Ireland Votes NO!

While 78% are Pro-EU, Many Did Not Understand What Was at Stake, or Were Simply Afraid of the Unknown

A poster campaigning for the “No” vote leading up to the Irish referendum on the Lisbon Treaty on Jun. 13. They show the fear tactics of anti-EU propagandists

A poster campaigning for the “No” vote leading up to the Irish referendum on the Lisbon Treaty on Jun. 13. They show the fear tactics of anti-EU propagandists

A poster campaigning for the “No” vote leading up to the Irish referendum on the Lisbon Treaty on Jun. 13. They show the fear tactics of anti-EU propagandists

A selection of posters campaigning for the “No” vote leading up to the Irish referendum on the Lisbon Treaty on Jun. 13. They show the fear tactics of anti-EU propagandists

A selection of posters campaigning for the “No” vote leading up to the Irish referendum on the Lisbon Treaty on Jun. 13. They show the fear tactics of anti-EU propagandists

campaign posters

A selection of posters campaigning for the “No” vote leading up to the Irish referendum on the Lisbon Treaty on Jun. 13. They show the fear tactics of anti-EU propagandists

Friday the 13th is regarded by some as a harbinger of bad news. In June 2008, it was certainly an unhappy day for the European Union. In a referendum to amend the Irish Constitution to ratify of the Treaty of Lisbon, the electorate said NO!

The result was greeted with emotions ranging from outright anger and dismay through frustration and disappointment to cheers of congratulation from the occasional Eurosceptic. Then the analysis began.

The Europhiles were furious. One heard, “The ungrateful Irish are really anti-European, and should be thrown out of the EU forthwith!”  But as passions cooled, it became possible to review the facts and figures that help explain the vote.

The first fact is that of all the 27 EU member states, Ireland is the only one that had to seek the electoral approval of the Treaty. Ratification of the Lisbon Treaty required a constitutional amendment, which in Ireland must be approved through referendum.

The second fact is that voting is not compulsory. In this referendum votes were cast by some 53% of the electorate, meaning almost 47% of the electorate did not vote at all.  Reasons can be very fickle.  In a recent referendum in another member state, the turnout of electors was about 10%, partly explained by a sudden warm Sunday after a spell of bad weather. Thus the Irish turnout was relatively high. In general, those opposed to amendment usually make a greater effort to vote.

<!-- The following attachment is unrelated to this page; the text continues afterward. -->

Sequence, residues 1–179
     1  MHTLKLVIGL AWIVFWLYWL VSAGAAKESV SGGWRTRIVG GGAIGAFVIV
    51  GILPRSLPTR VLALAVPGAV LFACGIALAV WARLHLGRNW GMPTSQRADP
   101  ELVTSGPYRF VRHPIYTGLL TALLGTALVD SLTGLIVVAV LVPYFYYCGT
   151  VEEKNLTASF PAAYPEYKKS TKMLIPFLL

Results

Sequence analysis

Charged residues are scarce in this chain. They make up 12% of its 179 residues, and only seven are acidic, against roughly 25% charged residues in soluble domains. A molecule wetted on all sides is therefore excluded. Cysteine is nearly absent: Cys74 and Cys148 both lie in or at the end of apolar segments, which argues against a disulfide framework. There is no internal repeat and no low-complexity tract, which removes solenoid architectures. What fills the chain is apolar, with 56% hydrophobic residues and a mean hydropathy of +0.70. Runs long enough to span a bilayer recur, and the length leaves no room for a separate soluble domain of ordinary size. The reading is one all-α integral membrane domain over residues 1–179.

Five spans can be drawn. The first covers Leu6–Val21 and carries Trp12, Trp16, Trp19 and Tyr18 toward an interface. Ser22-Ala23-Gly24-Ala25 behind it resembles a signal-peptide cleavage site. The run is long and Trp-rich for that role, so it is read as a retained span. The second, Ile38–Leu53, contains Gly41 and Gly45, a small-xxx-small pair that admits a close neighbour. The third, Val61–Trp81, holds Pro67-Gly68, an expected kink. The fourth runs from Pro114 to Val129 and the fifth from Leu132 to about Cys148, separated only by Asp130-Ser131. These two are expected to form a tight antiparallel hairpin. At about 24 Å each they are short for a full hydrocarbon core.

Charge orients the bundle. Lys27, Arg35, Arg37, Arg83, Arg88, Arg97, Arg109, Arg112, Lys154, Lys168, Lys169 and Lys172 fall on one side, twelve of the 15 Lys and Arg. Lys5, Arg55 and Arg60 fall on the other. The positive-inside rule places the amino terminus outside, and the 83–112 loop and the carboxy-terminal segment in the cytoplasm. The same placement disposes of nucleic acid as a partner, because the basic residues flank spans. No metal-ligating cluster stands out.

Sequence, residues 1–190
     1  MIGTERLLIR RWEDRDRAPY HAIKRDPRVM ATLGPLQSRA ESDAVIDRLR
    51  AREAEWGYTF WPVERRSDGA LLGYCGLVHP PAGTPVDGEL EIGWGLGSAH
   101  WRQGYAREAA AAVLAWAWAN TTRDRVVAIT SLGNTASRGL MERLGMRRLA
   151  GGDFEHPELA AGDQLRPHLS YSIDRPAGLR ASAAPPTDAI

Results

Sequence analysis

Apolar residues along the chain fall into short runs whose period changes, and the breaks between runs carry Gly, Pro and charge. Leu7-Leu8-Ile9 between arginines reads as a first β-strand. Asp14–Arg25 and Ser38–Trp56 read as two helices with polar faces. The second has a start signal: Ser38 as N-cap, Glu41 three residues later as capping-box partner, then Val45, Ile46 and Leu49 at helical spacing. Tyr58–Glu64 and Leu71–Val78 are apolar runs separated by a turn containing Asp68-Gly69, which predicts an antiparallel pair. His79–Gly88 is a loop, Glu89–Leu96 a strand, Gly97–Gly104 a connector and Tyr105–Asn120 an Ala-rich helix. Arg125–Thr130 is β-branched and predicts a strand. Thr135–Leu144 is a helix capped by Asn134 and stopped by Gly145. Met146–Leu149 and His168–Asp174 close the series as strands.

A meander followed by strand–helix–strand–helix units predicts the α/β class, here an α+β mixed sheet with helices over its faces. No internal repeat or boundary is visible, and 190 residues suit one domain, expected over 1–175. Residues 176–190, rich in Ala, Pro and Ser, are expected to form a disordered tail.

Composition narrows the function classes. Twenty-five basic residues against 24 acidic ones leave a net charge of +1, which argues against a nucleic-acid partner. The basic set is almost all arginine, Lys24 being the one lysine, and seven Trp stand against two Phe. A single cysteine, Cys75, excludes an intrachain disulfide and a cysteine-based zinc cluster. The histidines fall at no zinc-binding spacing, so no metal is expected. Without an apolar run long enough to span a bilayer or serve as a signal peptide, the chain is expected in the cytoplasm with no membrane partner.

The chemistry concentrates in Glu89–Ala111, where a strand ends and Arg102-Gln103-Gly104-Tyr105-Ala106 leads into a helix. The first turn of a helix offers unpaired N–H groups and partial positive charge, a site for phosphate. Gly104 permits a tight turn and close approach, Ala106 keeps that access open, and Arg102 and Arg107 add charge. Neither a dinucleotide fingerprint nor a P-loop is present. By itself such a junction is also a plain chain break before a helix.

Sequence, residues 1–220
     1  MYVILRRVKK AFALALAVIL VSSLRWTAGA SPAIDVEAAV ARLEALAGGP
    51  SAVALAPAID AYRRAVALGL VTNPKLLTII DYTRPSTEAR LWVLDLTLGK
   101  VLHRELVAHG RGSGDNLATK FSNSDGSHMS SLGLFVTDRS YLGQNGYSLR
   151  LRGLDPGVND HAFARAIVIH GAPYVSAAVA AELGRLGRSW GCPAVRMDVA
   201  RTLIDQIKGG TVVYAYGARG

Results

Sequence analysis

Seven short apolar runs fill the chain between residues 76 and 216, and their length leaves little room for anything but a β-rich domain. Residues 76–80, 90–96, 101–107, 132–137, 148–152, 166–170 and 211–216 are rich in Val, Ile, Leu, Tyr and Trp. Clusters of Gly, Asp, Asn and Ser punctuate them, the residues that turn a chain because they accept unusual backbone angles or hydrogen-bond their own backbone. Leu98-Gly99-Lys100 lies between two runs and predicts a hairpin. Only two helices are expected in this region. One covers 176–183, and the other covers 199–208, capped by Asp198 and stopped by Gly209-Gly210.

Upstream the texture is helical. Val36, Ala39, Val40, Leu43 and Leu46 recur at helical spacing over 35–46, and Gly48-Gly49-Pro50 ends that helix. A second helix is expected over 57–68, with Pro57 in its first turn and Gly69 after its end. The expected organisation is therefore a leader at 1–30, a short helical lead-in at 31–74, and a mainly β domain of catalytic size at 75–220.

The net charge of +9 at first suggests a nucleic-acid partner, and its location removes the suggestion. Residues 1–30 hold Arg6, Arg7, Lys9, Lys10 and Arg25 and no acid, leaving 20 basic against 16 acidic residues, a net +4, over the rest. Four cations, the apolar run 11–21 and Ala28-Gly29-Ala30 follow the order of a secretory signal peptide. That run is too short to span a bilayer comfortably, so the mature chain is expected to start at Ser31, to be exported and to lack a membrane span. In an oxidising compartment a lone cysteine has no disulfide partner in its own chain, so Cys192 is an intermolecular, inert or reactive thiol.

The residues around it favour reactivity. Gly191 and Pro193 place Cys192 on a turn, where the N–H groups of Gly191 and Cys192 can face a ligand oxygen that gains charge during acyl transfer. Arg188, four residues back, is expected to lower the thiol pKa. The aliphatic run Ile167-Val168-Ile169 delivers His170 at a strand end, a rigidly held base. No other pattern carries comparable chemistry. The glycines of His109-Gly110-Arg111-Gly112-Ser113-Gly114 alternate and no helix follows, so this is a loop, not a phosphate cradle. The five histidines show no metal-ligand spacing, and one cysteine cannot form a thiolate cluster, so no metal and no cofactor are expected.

In this case, the “No” vote was carried by a 53.4% majority of those who voted. In short, the amendment was defeated by between 25% and 30% of the Irish electorate. Two weeks later, an independent poll showed that 78% of the Irish people are pro- European.  In the Dail (The Irish Parliament), the three major parties who together hold more than 90% of the seats strongly advocated a “Yes” vote. This Government, on behalf of the people, had signed up for the Treaty at Lisbon in Dec. 2007.

So why was the amendment rejected? And what can possibly happen now?

Apart from the perennial fact of opposition to any change, the treaty is difficult simply because of its complexity and scope.  This was recognised by the Government, who established an independent Commission in March to explain the implications of the treaty in layman’s terms.  Again the scope of the Treaty is such, however, that potential opposition could be spread across a range of issues.

Two axioms may be relevant here:  “The devil can quote scripture for his own purposes!” but also, “The devil you know is better than the one you don’t!”

In the first case, it is easy to take passages out of context and suggest implications. Tax harmonisation is such an issue, fearing it would reduce foreign investment in Ireland, resulting in a loss of jobs. Valid point – except that tax harmonisation is a proposal from which Ireland is specifically excluded. Yet the fear remains.

In a more general way, suggestions that the treaty would threaten traditionally held values like neutrality are sufficient to create uncertainty.  The fear of change provokes inertia.  We know what we have, with all its faults and weaknesses; a future uncertainty may be worse, so vote “No.”

The fact that some of these misgivings are utterly without foundation is not strong enough to overcome the seeds of doubt. Travelling by car is much more hazardous than flying; but in a car, we think we have control.

One clear problem is rotating Commissions, and the thinking behind opposition easy to trace: The fear is that the Commission can make any decisions it likes about our future without even having to listen to our views because there is nobody there to represent us. Ultimately it comes down to individuals not understanding what is at stake or simply fear the unknown.

So what now? There are three main avenues of response. Abandon or redraft the treaty; proceeds without Ireland; or find a way that provides for the ratification of the Treaty with Ireland included.

In reality, the first two can be excluded from any serious consideration of the way forward.  So the answer must be found in the third way. Politics is the art of the possible and a solution will be found – hopefully sooner rather than later.

Share This Post

Widgetized Section

Go to Admin » appearance » Widgets » and move a widget into Advertise Widget Zone